Are your employees only giving 80%? Great!

Are your employees only giving 80%? Great!

Companies may be making a mistake when they launch projects and expect employees to follow the old cliché of “giving 100%.” Robert Handler, a Gartner analyst, found companies get the biggest payoff when they plan projects based on the notion employees will be able to devote only 70% to 80% of their time to the work. When “worker utilization” rises above 80%, a company loses money and time.

How can a company lose by making maximum use of its employees, which are the greatest asset of most organizations?

The problem stems from the nature of collaboration. As employees and teams have too many projects and tasks on their to-do lists, they can create bottlenecks and delays which in turn keep other employees from being able to do their work. The more that employees are expected to do – at a certain point – the less that actually gets done.

A jammed freeway

If a freeway is 80% utilized, cars move along quickly; if the freeway is filled to 100% capacity, it can become a parking lot. If you continue to open applications on your computer, the utilization of the device may reach 100% which means the performance will slow so much it barely functions. According to the Gartner research, the same less-is-more approach applies to people.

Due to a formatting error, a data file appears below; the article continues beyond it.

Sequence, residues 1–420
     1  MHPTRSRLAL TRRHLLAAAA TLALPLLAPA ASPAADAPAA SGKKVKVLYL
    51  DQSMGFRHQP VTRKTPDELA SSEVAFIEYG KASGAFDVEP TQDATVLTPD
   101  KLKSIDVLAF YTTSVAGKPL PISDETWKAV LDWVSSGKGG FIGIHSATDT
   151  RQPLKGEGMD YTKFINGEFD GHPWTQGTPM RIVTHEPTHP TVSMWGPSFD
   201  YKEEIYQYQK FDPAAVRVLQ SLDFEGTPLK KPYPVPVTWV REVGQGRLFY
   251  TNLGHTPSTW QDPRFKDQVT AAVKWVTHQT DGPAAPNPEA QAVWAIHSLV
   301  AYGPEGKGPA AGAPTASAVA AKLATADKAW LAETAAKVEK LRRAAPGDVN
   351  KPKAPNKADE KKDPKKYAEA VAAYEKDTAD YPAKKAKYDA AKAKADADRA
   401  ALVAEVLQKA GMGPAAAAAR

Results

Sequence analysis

“When the team reaches 100% utilization, the individual processors (the brains of the people!) begin to slow as the ability to process information diminishes and anxiety increases,” says entrepreneur Dave Rooney. “This has the effect of slowing the team’s ability to communicate and operate effectively. When one or multiple people reach the point of shutting down, the network collapses.”

5 steps to productivity

Eileen O’Loughlin, a senior project management analyst for Capterra, a software provider, lays out a five step strategy to ensure workers operate at 80% utilization and achieve the highest amount of productivity:

  1. “Start tracking time and estimating level of effort.” This allows you to accurately benchmark how long tasks take.
  2. “Identify bottleneck resources.” This might be a data analyst who many different teams are counting on to assist with their individual projects.
  3. “Calculate availability for project work and 80% utilization.” Determine how many hours employees can reasonably dedicate to a project.
  4. “Institute thresholds for bottleneck resources and project teams.” Pinpoint when specific employees will reach the 80% point and their work will start to suffer.
  5. “Plan at 80% and manage at 80% to get 100% of (planned) work done.” Be realistic.

O’Loughlin points out that, “80% utilization does not mean that project teams should give 80% effort and then head out early at 3 p.m.” Achieving 80% worker utilization is about leaving slack in plans to accommodate miscalculations and not booking 100% of an employee’s time. With the 20% of time that employees have left over, you might give them free rein to work on side projects, a strategy that Google has employed to great success. By asking employees to do less, they may be happier, less stressed, and get more done.


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